The Government has announced additional €3 million in funding for vaccines for children dying from preventable diseases, raising the Irish Aid overseas development budget by 20 per cent on last year's spending.
The funding pledge, which was made at the international 'Reach every child' conference in Berlin, will be provided to Gavi, an organisation dedicated to improving access to new vaccines for children living in the world's poorest countries.
“By making vaccines more affordable and accessible, Gavi has reached 500 million children since it was established in 2000 and estimate that they have prevented more than seven million deaths in the process,” said Minister of State for Development, Seán Sherlock following the announcement.
“Our funding of €3 million will help Gavi to reach an additional 300 million children over the coming years, thus preventing an estimated five to six million deaths.”
The Government has allocated just over €600 million for overseas development aid in 2015. The Irish overseas aid budget has fallen by 30 per cent in recent years, having hit a high point of 0.59 per cent of GNP (€920 million) in 2008.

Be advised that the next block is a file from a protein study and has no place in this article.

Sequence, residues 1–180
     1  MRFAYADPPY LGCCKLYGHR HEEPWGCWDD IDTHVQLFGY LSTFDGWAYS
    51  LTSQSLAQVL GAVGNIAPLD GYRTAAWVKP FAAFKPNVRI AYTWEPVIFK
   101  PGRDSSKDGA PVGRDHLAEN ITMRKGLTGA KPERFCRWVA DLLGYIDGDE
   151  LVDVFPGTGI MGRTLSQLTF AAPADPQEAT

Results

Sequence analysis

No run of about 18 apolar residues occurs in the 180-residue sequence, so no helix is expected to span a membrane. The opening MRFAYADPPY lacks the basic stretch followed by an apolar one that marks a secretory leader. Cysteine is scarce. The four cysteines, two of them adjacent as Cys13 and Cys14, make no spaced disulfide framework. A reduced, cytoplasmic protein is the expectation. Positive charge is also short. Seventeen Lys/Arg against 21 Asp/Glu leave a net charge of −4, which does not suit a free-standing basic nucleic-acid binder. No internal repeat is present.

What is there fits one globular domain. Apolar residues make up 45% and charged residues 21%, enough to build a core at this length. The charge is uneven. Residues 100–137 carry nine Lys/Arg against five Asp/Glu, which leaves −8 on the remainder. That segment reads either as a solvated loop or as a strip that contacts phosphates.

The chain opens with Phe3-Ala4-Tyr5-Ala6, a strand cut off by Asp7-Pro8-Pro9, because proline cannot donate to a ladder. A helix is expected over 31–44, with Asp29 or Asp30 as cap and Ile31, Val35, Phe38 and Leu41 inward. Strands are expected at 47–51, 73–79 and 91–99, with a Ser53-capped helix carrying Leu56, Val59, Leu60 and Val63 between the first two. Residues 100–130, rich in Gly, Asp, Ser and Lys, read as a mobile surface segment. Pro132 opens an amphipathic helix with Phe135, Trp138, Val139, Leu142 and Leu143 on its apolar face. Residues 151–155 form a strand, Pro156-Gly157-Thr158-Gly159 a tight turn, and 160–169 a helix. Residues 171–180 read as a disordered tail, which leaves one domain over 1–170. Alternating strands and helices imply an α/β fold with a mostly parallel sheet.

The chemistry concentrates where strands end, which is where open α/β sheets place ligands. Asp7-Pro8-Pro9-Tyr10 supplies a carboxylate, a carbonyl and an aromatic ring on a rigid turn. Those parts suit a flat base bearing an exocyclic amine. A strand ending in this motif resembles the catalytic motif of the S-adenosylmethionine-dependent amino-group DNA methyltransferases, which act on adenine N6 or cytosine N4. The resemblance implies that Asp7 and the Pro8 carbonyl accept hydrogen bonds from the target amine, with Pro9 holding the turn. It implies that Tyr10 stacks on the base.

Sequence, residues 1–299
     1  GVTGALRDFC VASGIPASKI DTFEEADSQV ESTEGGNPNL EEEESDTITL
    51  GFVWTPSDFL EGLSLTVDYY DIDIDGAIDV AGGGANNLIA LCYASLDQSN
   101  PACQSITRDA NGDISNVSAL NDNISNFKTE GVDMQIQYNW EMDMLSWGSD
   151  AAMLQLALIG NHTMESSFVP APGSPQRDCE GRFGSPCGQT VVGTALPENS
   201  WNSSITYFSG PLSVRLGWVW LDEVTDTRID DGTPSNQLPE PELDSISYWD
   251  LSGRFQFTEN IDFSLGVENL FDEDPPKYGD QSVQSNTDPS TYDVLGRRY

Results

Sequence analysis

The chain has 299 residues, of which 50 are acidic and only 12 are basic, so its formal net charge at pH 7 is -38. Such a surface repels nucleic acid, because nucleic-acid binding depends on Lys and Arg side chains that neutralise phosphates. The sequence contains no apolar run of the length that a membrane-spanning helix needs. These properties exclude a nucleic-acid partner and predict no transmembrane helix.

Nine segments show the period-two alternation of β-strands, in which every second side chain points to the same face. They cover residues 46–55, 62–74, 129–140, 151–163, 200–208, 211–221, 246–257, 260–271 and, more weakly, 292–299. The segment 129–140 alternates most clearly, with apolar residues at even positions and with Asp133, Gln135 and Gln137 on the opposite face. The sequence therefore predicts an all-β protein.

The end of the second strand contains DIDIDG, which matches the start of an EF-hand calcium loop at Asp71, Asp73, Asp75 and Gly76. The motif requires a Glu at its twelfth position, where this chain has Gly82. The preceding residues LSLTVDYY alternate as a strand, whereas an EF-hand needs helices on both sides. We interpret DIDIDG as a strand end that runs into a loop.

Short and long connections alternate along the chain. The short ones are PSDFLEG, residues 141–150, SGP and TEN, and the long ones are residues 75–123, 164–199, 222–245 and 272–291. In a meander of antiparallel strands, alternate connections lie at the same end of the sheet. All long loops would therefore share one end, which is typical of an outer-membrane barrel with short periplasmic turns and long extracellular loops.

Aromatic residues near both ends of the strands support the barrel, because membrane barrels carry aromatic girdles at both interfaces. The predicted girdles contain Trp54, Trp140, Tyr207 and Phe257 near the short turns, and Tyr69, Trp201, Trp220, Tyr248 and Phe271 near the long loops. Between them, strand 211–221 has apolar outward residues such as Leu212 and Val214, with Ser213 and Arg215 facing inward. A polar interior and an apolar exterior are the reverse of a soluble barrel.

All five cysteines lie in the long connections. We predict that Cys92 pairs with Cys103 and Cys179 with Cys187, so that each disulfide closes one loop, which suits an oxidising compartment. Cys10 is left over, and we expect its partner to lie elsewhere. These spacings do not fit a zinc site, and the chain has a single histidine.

Mr Sherlock said Gavi was also expected to contribute to the rollout of the Ebola vaccine when it becomes available.
Last November, the Irish Government committed more than €4 million in funding in response to the Ebola outbreak in West Africa.
A survey carried out in early January revealed nearly three out of four Irish people think the Government should continue to increase its overseas development aid support.
The Eurobarometer survey, carried out with over 28,000 participants across Europe including 1,037 people in Ireland, found 68 per cent of Irish people think developed countries should allocate more money to overseas aid.
The Government’s announcement of increased funding for vaccine programmes follows last week’s Irish launch of the European Year for Development which is dedicated to spreading awareness of global issues such as poverty, inequality and climate change.